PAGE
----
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(organic chemistry)
C6H4(OH)2 Sweet-tasting, white, toxic crystals; soluble in water, alcohol, ether, benzene, and glycerol; melts at 111°C; used for resins, dyes, pharmaceuticals, and adhesives, and as a chemical intermediate. Also known as resorcin.
McGraw-Hill Dictionary of Scientific & Technical Terms, 6E, Copyright © 2003 by The McGraw-Hill Companies, Inc.
The following article is from The Great Soviet Encyclopedia (1979). It might be outdated or ideologically biased.



(also resorcin, m-dihydroxybenzene), colorless crystals with a sweetish taste that are readily soluble in water, alcohol, and ether. Resorcinol has a melting point of 110.8°C and a boiling point of 280.8°C.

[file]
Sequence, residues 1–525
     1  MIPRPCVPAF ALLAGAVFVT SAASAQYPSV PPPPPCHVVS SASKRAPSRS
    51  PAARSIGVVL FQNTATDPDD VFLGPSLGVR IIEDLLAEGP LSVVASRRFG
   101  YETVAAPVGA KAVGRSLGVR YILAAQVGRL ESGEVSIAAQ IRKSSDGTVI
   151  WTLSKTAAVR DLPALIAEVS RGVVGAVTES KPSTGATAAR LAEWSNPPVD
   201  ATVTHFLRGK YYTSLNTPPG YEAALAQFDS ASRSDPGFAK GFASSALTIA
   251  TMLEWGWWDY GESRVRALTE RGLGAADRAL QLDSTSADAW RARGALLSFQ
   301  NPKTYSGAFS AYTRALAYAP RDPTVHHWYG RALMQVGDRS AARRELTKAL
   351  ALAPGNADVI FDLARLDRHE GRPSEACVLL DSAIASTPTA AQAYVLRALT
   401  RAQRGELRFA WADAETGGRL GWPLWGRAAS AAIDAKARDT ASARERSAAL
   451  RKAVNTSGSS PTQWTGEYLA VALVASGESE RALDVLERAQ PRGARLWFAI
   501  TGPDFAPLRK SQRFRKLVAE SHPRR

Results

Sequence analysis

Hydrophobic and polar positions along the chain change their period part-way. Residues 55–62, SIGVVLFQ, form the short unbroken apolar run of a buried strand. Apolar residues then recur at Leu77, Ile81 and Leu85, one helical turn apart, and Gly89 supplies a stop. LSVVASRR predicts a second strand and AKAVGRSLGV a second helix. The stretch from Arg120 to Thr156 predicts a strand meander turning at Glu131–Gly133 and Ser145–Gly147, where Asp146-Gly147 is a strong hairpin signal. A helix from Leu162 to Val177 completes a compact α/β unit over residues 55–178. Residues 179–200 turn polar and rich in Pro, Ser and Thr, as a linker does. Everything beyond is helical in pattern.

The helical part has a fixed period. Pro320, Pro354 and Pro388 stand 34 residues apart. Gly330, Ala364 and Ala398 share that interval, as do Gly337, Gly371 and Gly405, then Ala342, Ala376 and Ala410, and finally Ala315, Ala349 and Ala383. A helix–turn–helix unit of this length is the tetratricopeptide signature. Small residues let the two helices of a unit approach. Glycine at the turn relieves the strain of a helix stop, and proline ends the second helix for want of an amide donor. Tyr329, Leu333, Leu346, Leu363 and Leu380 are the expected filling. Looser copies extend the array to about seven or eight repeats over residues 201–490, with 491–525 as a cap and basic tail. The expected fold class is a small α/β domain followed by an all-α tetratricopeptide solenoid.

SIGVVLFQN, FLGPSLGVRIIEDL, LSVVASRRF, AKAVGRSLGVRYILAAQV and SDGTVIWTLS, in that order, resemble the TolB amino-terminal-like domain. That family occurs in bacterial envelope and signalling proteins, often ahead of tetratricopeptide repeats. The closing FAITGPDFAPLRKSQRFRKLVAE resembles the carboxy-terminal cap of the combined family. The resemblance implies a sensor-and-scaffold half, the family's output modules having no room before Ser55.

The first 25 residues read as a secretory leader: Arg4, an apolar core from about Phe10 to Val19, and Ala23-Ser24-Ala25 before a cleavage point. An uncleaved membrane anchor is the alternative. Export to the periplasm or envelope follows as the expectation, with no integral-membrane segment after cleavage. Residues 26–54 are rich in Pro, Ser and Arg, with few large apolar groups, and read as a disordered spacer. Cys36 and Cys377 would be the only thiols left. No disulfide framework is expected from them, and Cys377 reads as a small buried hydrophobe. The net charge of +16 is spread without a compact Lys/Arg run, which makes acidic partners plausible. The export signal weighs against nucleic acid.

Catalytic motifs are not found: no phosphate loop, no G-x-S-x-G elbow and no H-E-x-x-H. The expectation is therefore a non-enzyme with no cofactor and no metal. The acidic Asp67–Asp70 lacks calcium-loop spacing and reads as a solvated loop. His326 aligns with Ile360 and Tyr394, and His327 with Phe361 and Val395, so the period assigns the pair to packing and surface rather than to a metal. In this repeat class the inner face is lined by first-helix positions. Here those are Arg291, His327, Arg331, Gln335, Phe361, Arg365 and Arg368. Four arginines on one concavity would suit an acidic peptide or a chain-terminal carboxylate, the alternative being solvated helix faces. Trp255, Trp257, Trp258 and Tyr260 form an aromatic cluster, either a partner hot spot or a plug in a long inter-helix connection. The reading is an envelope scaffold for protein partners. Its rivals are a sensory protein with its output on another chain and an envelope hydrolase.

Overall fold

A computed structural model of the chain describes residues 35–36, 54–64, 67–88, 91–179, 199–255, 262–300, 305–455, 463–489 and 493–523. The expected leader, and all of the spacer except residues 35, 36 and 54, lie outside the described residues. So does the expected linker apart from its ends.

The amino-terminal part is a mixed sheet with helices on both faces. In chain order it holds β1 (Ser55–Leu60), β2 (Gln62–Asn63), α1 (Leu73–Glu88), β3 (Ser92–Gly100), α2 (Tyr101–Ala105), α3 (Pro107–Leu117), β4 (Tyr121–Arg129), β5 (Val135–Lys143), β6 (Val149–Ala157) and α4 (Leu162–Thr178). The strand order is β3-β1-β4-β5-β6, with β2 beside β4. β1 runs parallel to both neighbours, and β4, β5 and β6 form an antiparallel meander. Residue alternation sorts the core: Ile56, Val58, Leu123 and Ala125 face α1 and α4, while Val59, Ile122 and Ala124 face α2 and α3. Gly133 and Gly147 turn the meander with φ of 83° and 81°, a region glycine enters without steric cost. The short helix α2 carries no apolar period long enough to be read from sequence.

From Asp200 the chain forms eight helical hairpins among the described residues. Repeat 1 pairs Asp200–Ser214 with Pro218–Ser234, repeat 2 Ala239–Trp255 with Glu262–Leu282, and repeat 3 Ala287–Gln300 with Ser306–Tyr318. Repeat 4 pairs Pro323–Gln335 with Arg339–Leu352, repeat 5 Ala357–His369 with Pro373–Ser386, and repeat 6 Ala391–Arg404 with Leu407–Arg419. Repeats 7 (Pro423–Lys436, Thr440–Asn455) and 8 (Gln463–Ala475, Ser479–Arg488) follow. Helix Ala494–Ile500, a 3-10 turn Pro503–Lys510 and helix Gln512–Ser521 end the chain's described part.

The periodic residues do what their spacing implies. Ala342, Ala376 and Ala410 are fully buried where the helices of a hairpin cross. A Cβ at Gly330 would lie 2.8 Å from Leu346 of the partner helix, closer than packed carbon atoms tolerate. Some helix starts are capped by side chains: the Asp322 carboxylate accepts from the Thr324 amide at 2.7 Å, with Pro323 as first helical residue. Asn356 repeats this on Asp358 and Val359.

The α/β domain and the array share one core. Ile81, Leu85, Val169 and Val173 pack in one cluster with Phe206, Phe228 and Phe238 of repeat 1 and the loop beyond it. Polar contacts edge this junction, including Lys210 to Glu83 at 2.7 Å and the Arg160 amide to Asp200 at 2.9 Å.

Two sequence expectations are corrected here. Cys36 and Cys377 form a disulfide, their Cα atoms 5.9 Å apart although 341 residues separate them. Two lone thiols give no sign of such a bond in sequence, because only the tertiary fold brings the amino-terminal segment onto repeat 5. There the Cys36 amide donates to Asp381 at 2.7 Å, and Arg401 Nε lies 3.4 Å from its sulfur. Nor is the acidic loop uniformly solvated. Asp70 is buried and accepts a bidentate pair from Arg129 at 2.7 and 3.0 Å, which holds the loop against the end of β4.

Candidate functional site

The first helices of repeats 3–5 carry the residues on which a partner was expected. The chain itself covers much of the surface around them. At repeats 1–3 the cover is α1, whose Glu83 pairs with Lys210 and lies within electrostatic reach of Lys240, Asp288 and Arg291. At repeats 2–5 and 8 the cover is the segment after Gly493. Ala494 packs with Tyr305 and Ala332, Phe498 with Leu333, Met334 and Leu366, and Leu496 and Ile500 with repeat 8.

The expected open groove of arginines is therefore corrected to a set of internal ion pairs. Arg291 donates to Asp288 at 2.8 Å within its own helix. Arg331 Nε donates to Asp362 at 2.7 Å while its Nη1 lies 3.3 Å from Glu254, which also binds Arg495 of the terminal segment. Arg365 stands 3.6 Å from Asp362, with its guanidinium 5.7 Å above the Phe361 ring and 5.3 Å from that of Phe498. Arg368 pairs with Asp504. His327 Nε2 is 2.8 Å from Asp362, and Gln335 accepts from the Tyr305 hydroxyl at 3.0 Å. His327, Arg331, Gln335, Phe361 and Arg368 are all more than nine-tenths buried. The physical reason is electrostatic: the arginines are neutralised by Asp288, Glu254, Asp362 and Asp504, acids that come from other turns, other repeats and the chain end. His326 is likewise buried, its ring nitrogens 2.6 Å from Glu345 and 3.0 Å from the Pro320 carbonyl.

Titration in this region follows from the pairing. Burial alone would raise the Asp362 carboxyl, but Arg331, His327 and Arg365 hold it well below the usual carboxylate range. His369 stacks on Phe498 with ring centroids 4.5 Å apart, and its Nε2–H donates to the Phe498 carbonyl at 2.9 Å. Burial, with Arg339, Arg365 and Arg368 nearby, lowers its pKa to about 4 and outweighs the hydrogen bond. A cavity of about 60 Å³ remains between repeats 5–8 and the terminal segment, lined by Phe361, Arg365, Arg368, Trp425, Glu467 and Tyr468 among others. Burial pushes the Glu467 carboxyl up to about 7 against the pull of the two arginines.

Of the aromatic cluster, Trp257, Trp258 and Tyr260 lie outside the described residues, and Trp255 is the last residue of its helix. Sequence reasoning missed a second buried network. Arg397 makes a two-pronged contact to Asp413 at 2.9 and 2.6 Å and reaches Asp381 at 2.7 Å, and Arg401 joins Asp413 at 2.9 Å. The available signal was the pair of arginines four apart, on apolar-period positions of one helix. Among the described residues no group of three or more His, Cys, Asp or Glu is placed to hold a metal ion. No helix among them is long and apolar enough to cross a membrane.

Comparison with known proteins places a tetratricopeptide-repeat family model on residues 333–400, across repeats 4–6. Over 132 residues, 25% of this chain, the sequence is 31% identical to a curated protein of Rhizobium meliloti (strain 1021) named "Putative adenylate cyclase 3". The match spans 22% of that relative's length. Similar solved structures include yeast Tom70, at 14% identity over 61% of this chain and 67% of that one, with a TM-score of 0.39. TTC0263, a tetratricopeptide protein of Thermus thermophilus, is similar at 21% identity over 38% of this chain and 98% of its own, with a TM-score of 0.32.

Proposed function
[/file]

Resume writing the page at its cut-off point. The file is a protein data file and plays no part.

Resorcinol is one of the simplest diatomic phenols, comparable to hydroquinone and pyrocatechol. It is produced industrially usually by alkaline fusion of m-benzenedisulfonic acid. It is used in the manufacture of resorcinol-aldehyde resins and azo dyes—for example, resorcinol yellow is obtained by the interaction of resorcinol with diazotized sulfanilic acid. Fluorescein, stabilizers, and plastifiers of macromolecular compounds, as well as explosives and medicinal preparations such as 4-hexylresorcinol (an anthelmintic), are also manufactured from resorcinol.

In analytical chemistry resorcinol is used to make colorimet-ric determinations of furfural, lignin, sugars, and elements such as zinc and lead. In medicine it is used in unguents and solutions to treat skin diseases.

The Great Soviet Encyclopedia, 3rd Edition (1970-1979). © 2010 The Gale Group, Inc. All rights reserved.